I’d like to point out the need to set up a protocol to check what’s on the backups since there are common errors. Obviously, you should have backups both on-site, for fast local restore, and backups off-site, for ‘geo-redundant’ safety. Sometime the data files you need to backup are not really where you think they are.
1.1 SQL databases aren’t being properly backed-up – sometimes there is no .bak file available. If you just copy files when backing up, the file may not be there to backup. A SQL script is necessary to write the secure data inside the SQL database to an external .bak file.
1.2 The SQL backup (.bak files) are stored on the same disk drive as the SQL database. When the drive fails you also loose the backup.
2. Archived data is taken off of the cloud. For example, even though email may be hosted ‘ in the cloud’ it may have substantial archived data located only on the local user PC. Last week we know where a firm had five PC’s stolen including a user whose PC had 9GB of email and attachments archived i.e. only stored on her local PC.
Fortunately the PC was imaged and the data was recovered, but most firms don’t image their PC’s.
Maybe the formula for backup is best expressed as: DD + I = S@N (Where DD is Due Diligence, I is + Insurance = S@N is Sleep at Night)
Here are some best practice suggestions for your backups:
Designate one person to check for the presence of a reasonable quantity of files, monitor total GB being backed up, look for the critical .bak for SQL databases and keep several recent backups plus monthly and yearly backups in case to go back to a prior point in time. If possible, have your backup protocol include the forwarding of a daily email status report to a designated individual(s).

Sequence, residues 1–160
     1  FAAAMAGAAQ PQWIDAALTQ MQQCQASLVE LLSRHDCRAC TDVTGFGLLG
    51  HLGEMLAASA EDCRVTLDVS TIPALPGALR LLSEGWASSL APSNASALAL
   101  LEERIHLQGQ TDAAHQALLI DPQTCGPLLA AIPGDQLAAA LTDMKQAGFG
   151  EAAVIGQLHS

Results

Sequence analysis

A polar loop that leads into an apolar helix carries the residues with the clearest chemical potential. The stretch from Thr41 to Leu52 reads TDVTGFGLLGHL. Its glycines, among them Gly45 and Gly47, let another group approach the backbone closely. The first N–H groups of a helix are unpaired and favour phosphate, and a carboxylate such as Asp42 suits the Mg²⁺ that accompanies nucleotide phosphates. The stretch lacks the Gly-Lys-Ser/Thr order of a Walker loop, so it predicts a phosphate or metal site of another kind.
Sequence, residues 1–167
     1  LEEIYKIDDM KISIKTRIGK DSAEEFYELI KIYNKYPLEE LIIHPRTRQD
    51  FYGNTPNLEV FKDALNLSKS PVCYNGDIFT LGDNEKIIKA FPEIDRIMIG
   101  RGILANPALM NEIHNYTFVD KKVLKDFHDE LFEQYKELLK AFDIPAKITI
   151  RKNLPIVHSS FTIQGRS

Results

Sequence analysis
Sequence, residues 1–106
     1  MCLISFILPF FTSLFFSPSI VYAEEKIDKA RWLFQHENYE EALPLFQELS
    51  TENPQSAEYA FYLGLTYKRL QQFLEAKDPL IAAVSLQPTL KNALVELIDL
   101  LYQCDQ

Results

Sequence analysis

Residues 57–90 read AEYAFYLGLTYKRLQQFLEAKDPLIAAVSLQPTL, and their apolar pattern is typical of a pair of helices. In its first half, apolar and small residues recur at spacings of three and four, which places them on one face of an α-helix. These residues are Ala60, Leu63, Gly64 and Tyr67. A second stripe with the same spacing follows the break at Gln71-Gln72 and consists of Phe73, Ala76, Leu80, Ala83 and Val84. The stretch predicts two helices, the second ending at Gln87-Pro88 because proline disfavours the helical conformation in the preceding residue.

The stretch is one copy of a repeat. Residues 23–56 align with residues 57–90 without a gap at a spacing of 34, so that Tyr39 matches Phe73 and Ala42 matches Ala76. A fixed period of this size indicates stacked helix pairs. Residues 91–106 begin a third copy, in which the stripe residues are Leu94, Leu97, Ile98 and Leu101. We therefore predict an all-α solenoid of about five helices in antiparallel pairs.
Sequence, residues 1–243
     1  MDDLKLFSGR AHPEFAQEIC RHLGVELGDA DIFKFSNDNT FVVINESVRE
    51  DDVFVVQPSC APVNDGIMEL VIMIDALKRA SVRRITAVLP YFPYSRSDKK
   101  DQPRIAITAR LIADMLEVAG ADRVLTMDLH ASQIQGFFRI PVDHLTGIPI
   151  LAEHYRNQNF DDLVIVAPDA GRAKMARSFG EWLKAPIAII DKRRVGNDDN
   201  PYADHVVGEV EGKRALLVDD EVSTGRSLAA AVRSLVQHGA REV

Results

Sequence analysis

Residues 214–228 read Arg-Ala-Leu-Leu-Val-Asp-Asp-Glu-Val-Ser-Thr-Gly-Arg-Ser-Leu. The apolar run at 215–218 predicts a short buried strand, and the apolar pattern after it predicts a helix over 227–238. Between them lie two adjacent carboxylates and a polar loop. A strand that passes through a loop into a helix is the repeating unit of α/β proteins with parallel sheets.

For additional peace of mind ‘image’ PC’s and the file server(s). Software to do this includes use of of Microsoft’s VSS (volume shadow service), or Apple’s Time Machine. I know the Windows image approach only stores the same file one time, even if it is on ten PC’s, so it is very efficient. An advantage of imaging is if for example a hard drive failed the image can be used to restore data and it will actually re-install all of your programs too. That can save a ton of time. (Note: Imaging should not be used as a replacement of on and off site backups.)
Some practice management programs let you create a clone file or an automatically synchronized second database that replicates all of your critical calendar, contacts, matters, and related records including email, notes, documents, phone and billing records and related files (such as .pdf, .xls and .anx).
Check your insurance to see how much coverage you have for the next time you have an event – fire, flood, theft, malware, malcontent, solar flare etc.
When it comes to backups you really do need a plan a, plan b and maybe a plan c. Hopefully these suggestions will help you identify what the right backup protocol should be for your office.